Part 1: In a Nutshell (Kindasortamostly)
Natural Selection has made us who we are. We’re not that far from the ape in the tree. We live in the moment doing the minimum to survive/cope with what the present presents us. Our eyes see clearly only as far as we can throw a rock or launch an arrow. Our ears are sensitive to the cry of a child, and the rustle of a snake crawling through the grass. Many of our memories last only as long as they are useful to help us find the next meal or a dry place to sleep for the night.
But there is more to us than our animal self. Language. Language has distanced us from the rest of life. And a consequence/creation of language is culture. Unfortunately, culture does not know who Darwin is. Evolution in culture is exponential. How do we live in a world of constant change when our DNA is still back in the savanna?
Part 2: Cracking the Nut (Yourethenutnoimnotyouare)
In a cave in France, there are markings of an outlined human hand. Hunted animals loom over charcoal figures wielding spears and bows. Suns and stars spiral a rocky sky where sunlight never reaches. Deep down, underground, barely accessible, it is a hard to reach place, where a torch offers a meager beacon against the darkness. Yet, it is here he has come, again and again, over countless seasons to make his mark, to reach out across time.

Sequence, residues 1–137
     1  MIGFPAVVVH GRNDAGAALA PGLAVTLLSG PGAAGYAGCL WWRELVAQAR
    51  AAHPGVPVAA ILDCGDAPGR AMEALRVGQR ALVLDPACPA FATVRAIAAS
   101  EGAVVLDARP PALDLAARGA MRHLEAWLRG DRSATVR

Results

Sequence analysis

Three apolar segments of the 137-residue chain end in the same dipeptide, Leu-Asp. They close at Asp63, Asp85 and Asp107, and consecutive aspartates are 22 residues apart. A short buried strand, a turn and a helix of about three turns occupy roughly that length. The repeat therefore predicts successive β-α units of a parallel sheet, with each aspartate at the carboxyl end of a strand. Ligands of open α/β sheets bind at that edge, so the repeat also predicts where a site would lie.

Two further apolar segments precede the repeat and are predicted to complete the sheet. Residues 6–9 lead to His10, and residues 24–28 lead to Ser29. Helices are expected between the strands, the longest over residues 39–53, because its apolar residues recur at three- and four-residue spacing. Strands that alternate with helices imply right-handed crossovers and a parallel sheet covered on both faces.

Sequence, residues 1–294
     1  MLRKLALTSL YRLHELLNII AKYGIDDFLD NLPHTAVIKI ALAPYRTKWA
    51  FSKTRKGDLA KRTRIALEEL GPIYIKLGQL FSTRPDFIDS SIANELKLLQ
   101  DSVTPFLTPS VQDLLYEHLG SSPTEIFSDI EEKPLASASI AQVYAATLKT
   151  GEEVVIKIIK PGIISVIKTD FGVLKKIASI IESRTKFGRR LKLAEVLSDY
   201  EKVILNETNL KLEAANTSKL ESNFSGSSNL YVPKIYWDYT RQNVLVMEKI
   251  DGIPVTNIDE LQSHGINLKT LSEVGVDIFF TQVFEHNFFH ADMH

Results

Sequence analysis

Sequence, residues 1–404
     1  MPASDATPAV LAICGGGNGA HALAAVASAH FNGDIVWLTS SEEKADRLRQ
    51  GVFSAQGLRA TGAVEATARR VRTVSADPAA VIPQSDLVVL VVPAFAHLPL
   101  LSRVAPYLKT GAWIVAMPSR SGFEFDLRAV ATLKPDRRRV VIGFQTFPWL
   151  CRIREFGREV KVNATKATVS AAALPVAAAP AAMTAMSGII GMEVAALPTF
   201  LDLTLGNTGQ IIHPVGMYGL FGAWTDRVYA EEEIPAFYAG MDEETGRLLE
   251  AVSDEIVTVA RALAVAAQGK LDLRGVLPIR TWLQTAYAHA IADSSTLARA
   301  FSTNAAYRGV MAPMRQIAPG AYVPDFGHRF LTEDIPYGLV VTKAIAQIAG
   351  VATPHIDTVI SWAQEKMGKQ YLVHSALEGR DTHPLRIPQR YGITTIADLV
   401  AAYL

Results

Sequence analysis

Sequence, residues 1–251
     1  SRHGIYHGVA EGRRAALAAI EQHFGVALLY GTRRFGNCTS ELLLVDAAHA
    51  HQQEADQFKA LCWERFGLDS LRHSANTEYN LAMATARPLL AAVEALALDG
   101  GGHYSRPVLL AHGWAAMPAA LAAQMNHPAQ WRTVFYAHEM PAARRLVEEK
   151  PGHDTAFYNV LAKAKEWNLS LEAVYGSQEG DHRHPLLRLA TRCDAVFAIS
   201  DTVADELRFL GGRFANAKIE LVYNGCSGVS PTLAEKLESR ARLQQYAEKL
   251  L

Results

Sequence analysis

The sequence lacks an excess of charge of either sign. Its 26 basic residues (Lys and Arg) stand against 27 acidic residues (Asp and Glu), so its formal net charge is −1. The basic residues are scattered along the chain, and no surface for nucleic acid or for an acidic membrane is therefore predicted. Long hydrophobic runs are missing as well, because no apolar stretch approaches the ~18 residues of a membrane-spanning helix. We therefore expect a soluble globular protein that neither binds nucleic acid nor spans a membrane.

What does he say? Is it gibberish? Unknowable? Foreign? Strange? Does my hand not fit where his rested so many years ago? Does he still not whisper in my ear when I am still and quiet? Listen. Listen for his heartbeat in my own chest. Hear the cry of the predator beyond the firelight. Feel the pangs of hunger, the same desire in the loins. Death is still a mystery in a life so similar. Wonder. Joy. Pain. Love. Fear. All here in a handprint.
Part 3: Making Meal From It (Ingreatlakesindianethnobotanywemademealfromacorns)
Civilization was created in the cornfield. Once we learned how to domesticate plants and animals, we could stick around in a place longer than a hunting season. We had a new thing: a steadier source of food—security. Is this then what we crave more than anything? Security? And if we feel more safe—safety in numbers—is it only an illusion? Delusional manifestations of a hungry heart? Something desired, but never achievable? We have time to ponder, time to write, time to paint, time to draw, time to dance, time to sing, time to sculpt, time to climb mountains, or time to jump from a bridge on a rubberband. But is it just a waste of time? Is this just another thing to be thrown in the midden heap and forgotten?
Do we think we are fooling anyone? Or are we just fooling ourselves when we do it? Why bother? “Talk to the hand,” she says. Who’s listening out there? Should I try so hard only to be snubbed by a stray bullet? The outlined hand says, YES.
(August 12, 2003)